This Is The Word Of The Lord
Sunday, July 6th, 2014
A Prayer For Today
July 6th, 2014
Forbid it, Lord, that our roots become too firmly attached to this earth, that we should fall in love with things… Then shall we see all of life in its true perspective. Then shall we not fall in love with the things of time, but come to love the things that endure. Thenshall we be saved from the tyranny of possessions which we have no leisure to enjoy, of property whose care becomes a burden. Give us, we pray, the courage to simplify our lives. So may we be mature in our faith, childlike but never childish, humble but never cringing, understanding but never conceited. So help us, O God, to live and not merely to exist, that we may have joy in our work. In your name, who alone can give us moderation and balance and zest for living, we pray.
Written by Peter Marshall at the Christian Resource Institute at http://nhop.ca/liberation-from-materialism-peter-marshall/
Author of Today’s Reading
St Matthew the Apostle
St. Matthew, one of the twelve Apostles, is the author of the first Gospel. This has been the constant tradition of the Church and is confirmed by the Gospel itself. He was the son of Alpheus and was called to be an Apostle while sitting in the tax collector’s place at Capernaum. Before his conversion he was a publican, i.e., a tax collector by profession. He is to be identified with the “Levi” of Mark and Luke.
His apostolic activity was at first restricted to the communities of Palestine. Nothing definite is known about his later life. There is a tradition that points to Ethiopia as his field of labor; other traditions mention of Parthia and Persia. It is uncertain whether he died a natural death or received the crown of martyrdom.
St. Matthew’s Gospel was written to fill a sorely felt want for his fellow countrymen, both believers and unbelievers. For the former, it served as a token of his regard and as an encouragement in the trial to come, especially the danger of falling back to Judaism; for the latter, it was designed to convince them that the Messiah had come in the person of Jesus, our Lord, in Whom all the promises of the messianic Kingdom embracing all people had been fulfilled in a spiritual rather than in a carnal way: “My Kingdom is not of this world.” His Gospel, then, answered the question put by the disciples of St. John the Baptist, “Are You He Who is to come, or shall we look for another?”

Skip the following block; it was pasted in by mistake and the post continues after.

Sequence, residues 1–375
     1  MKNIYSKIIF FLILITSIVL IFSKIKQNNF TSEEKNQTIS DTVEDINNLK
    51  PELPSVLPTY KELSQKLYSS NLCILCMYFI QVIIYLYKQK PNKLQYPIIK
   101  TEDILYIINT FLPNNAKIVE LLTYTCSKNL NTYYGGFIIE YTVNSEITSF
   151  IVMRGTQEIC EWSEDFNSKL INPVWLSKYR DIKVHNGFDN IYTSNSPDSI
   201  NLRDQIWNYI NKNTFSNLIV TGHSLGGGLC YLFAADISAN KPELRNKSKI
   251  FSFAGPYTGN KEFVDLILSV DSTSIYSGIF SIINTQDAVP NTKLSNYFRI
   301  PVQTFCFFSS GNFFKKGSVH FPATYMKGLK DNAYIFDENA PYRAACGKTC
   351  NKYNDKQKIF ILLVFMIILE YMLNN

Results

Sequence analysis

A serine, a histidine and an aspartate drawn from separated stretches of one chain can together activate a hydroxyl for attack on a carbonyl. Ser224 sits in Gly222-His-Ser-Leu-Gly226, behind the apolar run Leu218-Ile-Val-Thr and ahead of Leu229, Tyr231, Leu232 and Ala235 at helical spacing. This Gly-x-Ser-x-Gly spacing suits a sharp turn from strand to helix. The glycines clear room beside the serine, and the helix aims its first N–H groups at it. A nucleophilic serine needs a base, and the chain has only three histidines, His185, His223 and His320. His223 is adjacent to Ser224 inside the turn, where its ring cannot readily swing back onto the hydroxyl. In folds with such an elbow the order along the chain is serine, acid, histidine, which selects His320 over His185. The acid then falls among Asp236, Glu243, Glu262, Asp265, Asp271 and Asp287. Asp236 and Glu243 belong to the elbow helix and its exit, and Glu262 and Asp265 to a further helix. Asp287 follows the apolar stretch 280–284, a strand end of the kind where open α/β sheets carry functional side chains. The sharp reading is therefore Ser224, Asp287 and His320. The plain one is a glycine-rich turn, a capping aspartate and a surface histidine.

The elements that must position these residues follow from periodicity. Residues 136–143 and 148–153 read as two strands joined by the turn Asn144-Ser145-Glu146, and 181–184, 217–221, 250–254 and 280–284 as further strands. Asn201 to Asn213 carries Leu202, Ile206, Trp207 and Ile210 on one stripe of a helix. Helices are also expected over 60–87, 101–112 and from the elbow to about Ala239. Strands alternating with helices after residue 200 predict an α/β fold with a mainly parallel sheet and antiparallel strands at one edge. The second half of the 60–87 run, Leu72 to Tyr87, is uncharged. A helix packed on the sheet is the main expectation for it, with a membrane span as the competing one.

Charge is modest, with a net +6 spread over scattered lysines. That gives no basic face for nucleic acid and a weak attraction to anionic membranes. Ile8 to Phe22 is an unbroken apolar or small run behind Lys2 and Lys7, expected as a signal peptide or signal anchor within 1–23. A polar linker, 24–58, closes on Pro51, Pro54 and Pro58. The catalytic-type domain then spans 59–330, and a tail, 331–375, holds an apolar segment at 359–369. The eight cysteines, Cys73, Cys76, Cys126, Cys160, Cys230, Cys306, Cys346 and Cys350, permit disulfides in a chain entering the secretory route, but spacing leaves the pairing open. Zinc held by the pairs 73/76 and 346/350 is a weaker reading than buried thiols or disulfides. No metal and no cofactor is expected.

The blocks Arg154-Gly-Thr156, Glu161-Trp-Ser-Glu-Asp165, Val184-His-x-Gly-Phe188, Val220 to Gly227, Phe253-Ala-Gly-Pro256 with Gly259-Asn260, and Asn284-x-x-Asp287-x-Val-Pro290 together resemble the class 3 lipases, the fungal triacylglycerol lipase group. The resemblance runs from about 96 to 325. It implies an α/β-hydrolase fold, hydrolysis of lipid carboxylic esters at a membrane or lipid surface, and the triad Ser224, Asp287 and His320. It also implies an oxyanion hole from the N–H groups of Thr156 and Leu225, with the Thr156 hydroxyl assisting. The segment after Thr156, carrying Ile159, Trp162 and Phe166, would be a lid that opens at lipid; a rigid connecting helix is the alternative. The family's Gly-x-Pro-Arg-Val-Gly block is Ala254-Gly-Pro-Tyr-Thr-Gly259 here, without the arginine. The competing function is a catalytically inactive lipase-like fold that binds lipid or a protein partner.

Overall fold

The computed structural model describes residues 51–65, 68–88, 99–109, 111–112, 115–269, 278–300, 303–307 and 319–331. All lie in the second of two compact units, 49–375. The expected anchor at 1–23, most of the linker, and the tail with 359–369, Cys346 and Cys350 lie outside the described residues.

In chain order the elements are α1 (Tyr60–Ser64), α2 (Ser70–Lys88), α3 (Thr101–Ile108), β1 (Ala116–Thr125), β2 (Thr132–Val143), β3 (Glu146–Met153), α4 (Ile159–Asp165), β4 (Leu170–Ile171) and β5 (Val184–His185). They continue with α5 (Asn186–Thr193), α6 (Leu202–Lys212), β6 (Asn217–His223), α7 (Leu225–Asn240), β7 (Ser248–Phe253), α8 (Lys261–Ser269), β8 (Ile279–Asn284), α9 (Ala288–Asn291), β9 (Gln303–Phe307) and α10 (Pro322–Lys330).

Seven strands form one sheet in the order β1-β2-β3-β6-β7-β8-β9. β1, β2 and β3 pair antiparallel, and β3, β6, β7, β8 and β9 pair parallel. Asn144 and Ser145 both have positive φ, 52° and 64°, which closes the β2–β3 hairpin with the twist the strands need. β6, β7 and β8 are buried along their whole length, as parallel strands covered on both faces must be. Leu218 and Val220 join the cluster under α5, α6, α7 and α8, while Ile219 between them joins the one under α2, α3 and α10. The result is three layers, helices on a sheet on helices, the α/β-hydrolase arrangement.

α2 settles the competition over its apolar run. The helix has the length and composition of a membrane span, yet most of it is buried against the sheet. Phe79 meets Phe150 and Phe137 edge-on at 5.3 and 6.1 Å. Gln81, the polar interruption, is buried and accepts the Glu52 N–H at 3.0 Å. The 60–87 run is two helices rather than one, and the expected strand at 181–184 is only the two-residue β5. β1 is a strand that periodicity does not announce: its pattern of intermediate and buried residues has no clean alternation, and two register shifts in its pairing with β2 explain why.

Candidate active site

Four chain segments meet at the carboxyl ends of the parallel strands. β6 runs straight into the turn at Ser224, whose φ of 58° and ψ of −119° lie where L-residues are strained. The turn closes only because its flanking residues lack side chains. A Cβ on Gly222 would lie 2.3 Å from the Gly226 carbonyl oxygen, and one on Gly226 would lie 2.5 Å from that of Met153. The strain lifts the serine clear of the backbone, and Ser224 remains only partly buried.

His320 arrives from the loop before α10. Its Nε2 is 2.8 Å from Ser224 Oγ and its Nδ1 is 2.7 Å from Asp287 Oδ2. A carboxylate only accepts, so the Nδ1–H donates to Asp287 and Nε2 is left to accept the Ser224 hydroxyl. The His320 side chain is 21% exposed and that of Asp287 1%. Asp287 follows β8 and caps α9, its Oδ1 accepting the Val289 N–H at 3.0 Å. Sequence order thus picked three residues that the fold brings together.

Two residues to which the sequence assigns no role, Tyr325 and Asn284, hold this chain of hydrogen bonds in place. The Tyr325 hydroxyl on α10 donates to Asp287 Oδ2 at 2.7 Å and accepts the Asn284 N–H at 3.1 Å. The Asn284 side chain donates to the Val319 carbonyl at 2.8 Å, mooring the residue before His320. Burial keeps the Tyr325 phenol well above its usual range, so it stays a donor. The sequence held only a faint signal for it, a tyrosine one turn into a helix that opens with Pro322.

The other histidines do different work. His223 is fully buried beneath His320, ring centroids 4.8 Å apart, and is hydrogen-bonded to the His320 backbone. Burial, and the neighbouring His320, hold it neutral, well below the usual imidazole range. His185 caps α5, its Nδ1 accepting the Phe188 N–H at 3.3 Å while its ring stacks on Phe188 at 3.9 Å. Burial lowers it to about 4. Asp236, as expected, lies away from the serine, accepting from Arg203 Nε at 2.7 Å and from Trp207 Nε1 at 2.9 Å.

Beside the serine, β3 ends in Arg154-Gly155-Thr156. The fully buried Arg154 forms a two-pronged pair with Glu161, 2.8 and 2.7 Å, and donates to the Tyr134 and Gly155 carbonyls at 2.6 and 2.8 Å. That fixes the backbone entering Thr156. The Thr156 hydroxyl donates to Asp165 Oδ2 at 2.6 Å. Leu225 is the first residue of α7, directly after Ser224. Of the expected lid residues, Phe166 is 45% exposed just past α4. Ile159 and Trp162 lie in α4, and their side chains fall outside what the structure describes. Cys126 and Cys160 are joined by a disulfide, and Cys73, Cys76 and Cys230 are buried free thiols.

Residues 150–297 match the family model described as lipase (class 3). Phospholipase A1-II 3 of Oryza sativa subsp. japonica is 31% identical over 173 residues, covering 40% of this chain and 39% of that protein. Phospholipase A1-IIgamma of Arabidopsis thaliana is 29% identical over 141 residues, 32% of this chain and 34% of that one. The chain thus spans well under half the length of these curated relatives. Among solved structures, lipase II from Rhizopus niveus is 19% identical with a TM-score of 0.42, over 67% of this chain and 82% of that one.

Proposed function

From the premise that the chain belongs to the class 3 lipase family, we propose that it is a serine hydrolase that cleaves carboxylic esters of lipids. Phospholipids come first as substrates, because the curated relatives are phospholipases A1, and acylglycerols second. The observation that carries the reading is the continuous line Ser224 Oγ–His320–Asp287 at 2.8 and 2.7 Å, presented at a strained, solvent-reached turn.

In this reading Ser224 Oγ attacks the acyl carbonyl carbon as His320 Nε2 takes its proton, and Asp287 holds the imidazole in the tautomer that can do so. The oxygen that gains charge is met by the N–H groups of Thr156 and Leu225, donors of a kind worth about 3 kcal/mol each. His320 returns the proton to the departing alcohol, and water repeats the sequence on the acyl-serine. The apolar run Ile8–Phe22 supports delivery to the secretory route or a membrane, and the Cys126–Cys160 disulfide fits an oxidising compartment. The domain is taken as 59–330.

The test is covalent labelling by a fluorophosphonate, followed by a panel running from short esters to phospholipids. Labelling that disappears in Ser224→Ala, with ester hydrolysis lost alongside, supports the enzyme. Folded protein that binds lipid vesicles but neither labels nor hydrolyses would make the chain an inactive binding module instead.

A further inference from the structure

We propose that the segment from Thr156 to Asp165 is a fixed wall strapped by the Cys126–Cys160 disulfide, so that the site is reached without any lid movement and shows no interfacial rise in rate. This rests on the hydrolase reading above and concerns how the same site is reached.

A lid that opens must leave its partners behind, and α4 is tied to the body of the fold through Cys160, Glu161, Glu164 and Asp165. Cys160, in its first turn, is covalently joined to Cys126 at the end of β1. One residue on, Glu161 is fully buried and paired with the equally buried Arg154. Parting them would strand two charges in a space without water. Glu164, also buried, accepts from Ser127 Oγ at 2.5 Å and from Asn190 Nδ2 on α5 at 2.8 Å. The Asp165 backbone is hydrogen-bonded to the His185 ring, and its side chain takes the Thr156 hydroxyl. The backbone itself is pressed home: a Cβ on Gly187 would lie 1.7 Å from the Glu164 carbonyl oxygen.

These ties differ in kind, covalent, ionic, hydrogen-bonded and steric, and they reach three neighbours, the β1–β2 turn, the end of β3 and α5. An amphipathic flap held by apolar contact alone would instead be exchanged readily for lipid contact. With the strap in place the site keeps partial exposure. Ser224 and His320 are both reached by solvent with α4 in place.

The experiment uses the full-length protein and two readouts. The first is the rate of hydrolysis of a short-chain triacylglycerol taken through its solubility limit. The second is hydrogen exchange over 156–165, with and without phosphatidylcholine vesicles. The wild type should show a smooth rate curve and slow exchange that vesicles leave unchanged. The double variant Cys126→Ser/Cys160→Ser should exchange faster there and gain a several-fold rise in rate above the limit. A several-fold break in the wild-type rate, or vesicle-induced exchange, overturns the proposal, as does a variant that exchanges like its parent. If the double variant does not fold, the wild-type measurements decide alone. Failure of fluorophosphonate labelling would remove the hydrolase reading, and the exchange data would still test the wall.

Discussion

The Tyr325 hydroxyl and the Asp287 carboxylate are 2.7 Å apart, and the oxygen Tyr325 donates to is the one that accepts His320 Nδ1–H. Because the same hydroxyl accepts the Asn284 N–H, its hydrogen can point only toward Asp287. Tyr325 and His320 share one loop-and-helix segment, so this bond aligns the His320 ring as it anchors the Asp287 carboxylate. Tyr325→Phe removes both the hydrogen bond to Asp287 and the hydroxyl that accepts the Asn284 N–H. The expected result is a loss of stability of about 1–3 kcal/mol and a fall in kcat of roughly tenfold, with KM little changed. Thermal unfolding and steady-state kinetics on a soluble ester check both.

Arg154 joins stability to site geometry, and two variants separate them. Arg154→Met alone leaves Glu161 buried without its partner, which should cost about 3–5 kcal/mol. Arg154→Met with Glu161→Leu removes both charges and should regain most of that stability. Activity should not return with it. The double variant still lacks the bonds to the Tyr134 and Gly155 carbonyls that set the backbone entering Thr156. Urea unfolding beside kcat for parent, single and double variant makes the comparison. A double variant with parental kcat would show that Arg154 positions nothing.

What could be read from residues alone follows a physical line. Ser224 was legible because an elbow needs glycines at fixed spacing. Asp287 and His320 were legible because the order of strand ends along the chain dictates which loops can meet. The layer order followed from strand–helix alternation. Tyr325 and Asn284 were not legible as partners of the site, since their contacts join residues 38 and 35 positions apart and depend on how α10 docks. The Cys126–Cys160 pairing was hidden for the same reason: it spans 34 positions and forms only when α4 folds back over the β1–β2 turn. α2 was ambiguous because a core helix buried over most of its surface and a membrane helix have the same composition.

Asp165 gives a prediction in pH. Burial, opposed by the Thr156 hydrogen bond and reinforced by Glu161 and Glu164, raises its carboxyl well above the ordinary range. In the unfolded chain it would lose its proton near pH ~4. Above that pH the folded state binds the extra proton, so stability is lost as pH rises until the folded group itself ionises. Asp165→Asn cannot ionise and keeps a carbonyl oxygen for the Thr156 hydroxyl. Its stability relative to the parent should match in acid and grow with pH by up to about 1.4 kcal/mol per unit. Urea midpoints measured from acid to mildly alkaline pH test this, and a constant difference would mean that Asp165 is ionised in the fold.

Writing for his countrymen of Palestine, St. Matthew composed his Gospel in his native Aramaic, the “Hebrew tongue” mentioned in the Gospel and the Acts of the Apostles. Soon afterward, about the time of the persecution of Herod Agrippa I in 42 AD, he took his departure for other lands. Another tradition places the composition of his Gospel either between the time of this departure and the Council of Jerusalem, i.e., between 42 AD and 50 AD or even later. Definitely, however, the Gospel, depicting the Holy City with its altar and temple as still existing, and without any reference to the fulfillment of our Lord’s prophecy, shows that it was written before the destruction of the city by the Romans in 70 AD, and this internal evidence confirms the early traditions.
Today’s Gospel Reading
Matthew 11:16-19 NIV and Matthew 11:25-30 NIV
“To what can I compare this generation? They are like children sitting in the marketplaces and calling out to others:
“‘We played the pipe for you, and you did not dance; we sang a dirge, and you did not mourn.’
For John came neither eating nor drinking, and they say, ‘He has a demon.’ The Son of Man came eating and drinking, and they say, ‘Here is a glutton and a drunkard, a friend of tax collectors and sinners.’ But wisdom is proved right by her deeds.”
The Father Revealed in the Son
At that time Jesus said, “I praise you, Father, Lord of heaven and earth, because you have hidden these things from the wise and learned, and revealed them to little children. Yes, Father, for this is what you were pleased to do.
“All things have been committed to me by my Father. No one knows the Son except the Father, and no one knows the Father except the Son and those to whom the Son chooses to reveal him.
“Come to me, all you who are weary and burdened, and I will give you rest. Take my yoke upon you and learn from me, for I am gentle and humble in heart, and you will find rest for your souls. For my yoke is easy and my burden is light.”
Zechariah 9:9-10 NIV
The Coming of Zion’s King
Rejoice greatly, Daughter Zion! Shout, Daughter Jerusalem! See, your king comes to you, righteous and victorious, lowly and riding on a donkey, on a colt, the foal of a donkey.
I will take away the chariots from Ephraim and the war horses from Jerusalem, and the battle bow will be broken.
He will proclaim peace to the nations. His rule will extend from sea to sea and from the River to the ends of the earth.
“Great Is Thy Faithfulness”
performed by Cece Winans
Thanks Be To God!
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